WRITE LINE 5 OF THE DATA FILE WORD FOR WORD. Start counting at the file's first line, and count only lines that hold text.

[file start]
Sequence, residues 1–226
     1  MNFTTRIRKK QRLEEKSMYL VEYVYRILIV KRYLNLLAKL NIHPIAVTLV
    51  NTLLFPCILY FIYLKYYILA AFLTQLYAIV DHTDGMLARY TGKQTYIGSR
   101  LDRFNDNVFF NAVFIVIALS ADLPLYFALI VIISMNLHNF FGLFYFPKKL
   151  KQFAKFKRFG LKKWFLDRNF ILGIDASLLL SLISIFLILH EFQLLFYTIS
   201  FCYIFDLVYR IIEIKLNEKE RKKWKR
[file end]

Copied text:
   151  KQFAKFKRFG LKKWFLDRNF ILGIDASLLL SLISIFLILH EFQLLFYTIS